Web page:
Baby Steps

Posted: December 4, 2013 by grecoam in Uncategorized

Opening up homeless shelters every night is not enough to help the homeless people in the streets. Many of the homeless people are denied entry due to the fact that the shelter is “too full” or they “arrived late”. Some of the homeless people are getting a place for the night while many are not. In the journal of Religion and Health David P. Moxley, Olivia Washington, and Joe McElhaney recounted the development of an inner city congregation’s decision to concentrate on helping people who are affected by homelessness. The journal entry was titled, “I don’t have a home:” Helping Homeless People Through Faith, Spirituality, and Compassionate Service. The story starts with Pastor Rebecca taking a risk  and allowed a homeless man named Oscar to stay in the church overnight on a make shift bed. Fearing that she had done the wrong thing she stayed overnight as well sleeping very minimally. Once Oscar woke up on his makeshift bed Pastor Rebecca offered him food in which he replied, “I can’t eat yet miss, I gotta pray. Just because I don’t have a home doesn’t mean I don’t have faith. Food can wait but I need to pray first and then I need to find a way to repay you.” We only know homeless people through the stereotypes that are portrayed by the media. This man broke the stereotype showing that he didn’t want to just receive things without giving back. Pastor Rebecca’s small deed to help a man for one night had changed all her prior judgments about homeless people just due to a simple act of kindness. After helping clean up around the church Oscar was on his way back to the shelter and with the help of Pastor Rebecca was the first person in line. Prior to entering the shelter he told Pastor Rebecca that he would be more than happy to help around the church if he was needed and without hesitation she replied yes. Oscar became a regular at the church and was frequently seen volunteering. After some time he would bring a small group of his friends whom were looking for support, food, and productive activity (Moxley, 2012, pg. 431-435). Pastor Rebecca’s decision to help Oscar helped cement the new mission for the church, to outreach and service to those who experienced daily grueling demands of homelessness. Even a pastor, who has dedicated their life to giving back, may have to take the first step by taking personal initiative to give help a receive help from somebody in need of both a home and a place to give back and be acknowledged in a community.

  • Moxley, David P., Olivia G.M Washington, and Joe McElhaney. “”I Don’t Have a Home:” Helping Homeless People Through Faith, Spirituality, and Compassionate Service.”Journal of Religion and Health 51.2 (2012): 431-99. Web. 2 Dec. 2013.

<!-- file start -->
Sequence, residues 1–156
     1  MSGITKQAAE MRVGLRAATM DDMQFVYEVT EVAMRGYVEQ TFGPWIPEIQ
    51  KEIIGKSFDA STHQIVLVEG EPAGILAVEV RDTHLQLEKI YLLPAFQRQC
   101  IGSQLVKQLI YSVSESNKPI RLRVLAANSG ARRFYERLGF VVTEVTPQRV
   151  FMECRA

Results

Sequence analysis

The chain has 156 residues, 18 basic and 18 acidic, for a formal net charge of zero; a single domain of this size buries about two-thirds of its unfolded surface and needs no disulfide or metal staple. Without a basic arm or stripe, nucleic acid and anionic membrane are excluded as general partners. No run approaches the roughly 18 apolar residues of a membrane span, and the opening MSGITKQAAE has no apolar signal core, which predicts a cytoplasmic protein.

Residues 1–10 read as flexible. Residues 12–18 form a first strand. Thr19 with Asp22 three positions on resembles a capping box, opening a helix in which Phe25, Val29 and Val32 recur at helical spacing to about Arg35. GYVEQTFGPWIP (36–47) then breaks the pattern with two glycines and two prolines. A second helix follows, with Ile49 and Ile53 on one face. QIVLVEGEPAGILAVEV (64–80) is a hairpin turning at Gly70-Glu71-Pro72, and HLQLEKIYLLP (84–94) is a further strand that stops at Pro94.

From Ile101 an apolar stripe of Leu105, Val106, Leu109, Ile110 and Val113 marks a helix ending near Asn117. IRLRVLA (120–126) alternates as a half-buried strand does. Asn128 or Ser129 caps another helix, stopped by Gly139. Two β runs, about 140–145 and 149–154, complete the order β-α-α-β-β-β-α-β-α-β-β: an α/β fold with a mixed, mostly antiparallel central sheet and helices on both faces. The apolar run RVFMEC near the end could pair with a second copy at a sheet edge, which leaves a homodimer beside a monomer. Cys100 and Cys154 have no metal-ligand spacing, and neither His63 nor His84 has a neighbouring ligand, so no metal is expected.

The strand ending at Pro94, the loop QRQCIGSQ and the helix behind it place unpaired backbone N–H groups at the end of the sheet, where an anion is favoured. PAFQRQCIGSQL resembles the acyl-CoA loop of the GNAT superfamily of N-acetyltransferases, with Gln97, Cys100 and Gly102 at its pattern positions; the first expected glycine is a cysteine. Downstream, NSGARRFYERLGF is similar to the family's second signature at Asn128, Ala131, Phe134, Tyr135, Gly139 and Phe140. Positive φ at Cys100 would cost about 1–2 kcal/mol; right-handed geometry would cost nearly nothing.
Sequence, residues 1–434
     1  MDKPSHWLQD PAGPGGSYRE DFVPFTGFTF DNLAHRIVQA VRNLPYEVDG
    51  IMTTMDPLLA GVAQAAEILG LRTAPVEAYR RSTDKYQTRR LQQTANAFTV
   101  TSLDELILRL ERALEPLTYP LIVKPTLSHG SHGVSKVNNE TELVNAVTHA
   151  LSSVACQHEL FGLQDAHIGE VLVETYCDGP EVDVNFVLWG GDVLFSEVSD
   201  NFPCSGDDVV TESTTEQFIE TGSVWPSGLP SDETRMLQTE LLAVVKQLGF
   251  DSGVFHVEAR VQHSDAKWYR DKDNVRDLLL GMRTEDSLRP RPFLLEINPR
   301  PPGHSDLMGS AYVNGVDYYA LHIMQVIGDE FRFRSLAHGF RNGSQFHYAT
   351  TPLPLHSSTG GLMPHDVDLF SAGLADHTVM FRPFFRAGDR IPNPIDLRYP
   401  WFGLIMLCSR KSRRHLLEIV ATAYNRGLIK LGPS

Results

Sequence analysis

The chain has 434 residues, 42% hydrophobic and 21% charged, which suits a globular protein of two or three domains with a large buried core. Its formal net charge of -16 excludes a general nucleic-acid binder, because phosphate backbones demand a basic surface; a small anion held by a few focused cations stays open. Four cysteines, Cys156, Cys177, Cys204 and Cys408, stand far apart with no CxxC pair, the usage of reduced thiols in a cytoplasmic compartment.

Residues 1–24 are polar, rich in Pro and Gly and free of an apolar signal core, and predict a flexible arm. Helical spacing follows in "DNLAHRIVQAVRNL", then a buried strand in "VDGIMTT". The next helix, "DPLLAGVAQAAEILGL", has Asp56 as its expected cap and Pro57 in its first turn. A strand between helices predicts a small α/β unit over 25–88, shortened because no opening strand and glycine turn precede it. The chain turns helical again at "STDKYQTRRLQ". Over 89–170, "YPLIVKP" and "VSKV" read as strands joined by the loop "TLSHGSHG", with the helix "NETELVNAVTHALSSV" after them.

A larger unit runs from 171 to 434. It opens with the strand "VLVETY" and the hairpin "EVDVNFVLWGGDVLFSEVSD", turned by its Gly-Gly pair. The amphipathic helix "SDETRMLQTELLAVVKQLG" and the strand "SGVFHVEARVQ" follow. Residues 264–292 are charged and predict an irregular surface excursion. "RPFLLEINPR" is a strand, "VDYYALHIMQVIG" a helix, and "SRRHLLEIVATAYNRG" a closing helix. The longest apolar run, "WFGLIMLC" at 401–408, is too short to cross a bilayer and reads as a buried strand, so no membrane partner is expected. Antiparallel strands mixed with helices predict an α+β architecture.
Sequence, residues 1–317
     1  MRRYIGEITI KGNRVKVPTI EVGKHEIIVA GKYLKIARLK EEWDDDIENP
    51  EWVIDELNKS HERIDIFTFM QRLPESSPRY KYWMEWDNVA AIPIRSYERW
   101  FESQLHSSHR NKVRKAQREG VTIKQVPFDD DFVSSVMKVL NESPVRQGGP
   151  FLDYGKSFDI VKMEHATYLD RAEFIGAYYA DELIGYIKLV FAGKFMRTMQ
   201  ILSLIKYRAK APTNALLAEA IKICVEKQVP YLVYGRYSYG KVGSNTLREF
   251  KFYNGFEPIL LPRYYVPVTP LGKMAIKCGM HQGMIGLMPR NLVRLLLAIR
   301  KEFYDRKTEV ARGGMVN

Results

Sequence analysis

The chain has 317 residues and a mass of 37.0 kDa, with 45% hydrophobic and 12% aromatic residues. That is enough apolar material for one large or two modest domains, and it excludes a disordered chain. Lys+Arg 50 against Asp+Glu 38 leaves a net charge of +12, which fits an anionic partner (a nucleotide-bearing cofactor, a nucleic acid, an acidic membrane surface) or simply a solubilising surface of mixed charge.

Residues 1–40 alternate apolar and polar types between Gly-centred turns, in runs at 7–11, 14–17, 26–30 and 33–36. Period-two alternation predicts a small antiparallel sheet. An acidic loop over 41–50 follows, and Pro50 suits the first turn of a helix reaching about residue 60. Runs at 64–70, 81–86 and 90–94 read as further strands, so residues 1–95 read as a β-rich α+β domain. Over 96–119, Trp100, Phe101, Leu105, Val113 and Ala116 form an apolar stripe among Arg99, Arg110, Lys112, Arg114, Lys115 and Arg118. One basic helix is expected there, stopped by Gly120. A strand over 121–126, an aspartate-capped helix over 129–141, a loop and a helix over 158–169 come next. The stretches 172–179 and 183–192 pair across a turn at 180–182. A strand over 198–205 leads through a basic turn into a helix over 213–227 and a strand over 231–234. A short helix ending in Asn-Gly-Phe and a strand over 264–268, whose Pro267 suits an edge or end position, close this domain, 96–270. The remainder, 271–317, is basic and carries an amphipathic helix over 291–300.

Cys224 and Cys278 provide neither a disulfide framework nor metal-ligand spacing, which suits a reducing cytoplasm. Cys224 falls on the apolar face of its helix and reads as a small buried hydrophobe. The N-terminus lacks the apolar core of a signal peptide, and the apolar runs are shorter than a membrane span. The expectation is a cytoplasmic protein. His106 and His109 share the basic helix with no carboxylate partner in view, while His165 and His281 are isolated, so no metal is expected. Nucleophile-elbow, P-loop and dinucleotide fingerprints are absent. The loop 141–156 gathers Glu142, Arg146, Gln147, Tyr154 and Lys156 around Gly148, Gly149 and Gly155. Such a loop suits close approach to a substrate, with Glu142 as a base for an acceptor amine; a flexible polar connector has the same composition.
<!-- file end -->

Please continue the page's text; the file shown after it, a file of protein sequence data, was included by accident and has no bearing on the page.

Stop Hunger Now

Posted: December 4, 2013 by satherej in Uncategorized

The Down Not Out Story

Posted: December 4, 2013 by satherej in Uncategorized

The Down Not Out Story frames homelessness in a new communicative context that allows people to think of themselves in relation to those they consider homeless. ‘Home’ful people have advantages, but that does not preclude homeless people from success. In fact, if you consider that those who rent are but a step away (that is, a month’s rent away) from being homeless as well – you can start to understand the broader definition of “vulnerably housed people,” that the Down Not Out Story is advocating for in aggregation with those truly homeless.

Root Cause Productions

Root Cause Productions is currently working on a film project for Down Not Out– a community news agency ran by homeless and vulnerably housed people. The Down Not Out news agency produces news articles related to the issue of homelessness and acts as a news aggregator to homeless related stories. DNO also seeks to pave the way forward in abolishing stereotypes put upon the homeless by a society who believe that no longer having a roof of your own renders you incapable of intelligence productiveness and dignity.

The Down Not Out Story will document the history of the project from its inception in January 2012 until the present. During this time the group has maintained a website, produced its own DNO Newspaper and staged Food Bank Action events in three separate cities on the same day.

A rough edit of the film was well received during the Action Homeless…

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Foot Doctors Offer Exams, Shoes To The Homeless

Posted: December 4, 2013 by satherej in Uncategorized

CBS Chicago

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(CBS) — Dozens of homeless people will benefit tonight from free foot exams on the city’s West Side.

Dr. Simon Lee has been organizing the Our Hearts to Your Soles event in Chicago since 2007.  He and a couple of other doctors from Midwest Orthopedics at Rush and a group of medical students from Rush University Medical Center will provide foot exams Wednesday evening for more than 100 homeless people at the Franciscan House of Mary and Joseph shelter in the 2700 block of West Harrison Street.

The men, women and some children who’ll be examined will also get a free pair of new shoes and a few pairs of socks, Lee says.

It’s important the homeless have good footwear since most of them are on the street all day because shelters are only open at…